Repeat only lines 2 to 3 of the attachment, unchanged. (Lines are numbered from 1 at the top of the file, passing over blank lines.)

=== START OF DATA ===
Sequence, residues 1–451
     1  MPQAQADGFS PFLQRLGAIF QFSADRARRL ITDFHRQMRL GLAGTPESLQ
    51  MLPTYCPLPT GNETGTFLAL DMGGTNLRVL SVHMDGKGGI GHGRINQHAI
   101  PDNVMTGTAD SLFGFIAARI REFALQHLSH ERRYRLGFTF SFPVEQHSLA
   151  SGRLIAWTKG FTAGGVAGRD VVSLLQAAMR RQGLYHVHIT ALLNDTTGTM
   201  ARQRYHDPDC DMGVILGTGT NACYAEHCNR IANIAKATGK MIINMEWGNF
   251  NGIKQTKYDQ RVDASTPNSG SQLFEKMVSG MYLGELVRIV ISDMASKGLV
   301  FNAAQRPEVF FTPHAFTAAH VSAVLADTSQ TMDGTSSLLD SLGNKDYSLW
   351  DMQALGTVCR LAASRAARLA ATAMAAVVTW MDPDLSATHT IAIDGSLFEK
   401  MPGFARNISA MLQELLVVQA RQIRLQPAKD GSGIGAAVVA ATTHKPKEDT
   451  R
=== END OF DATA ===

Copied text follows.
     1  MPQAQADGFS PFLQRLGAIF QFSADRARRL ITDFHRQMRL GLAGTPESLQ
    51  MLPTYCPLPT GNETGTFLAL DMGGTNLRVL SVHMDGKGGI GHGRINQHAI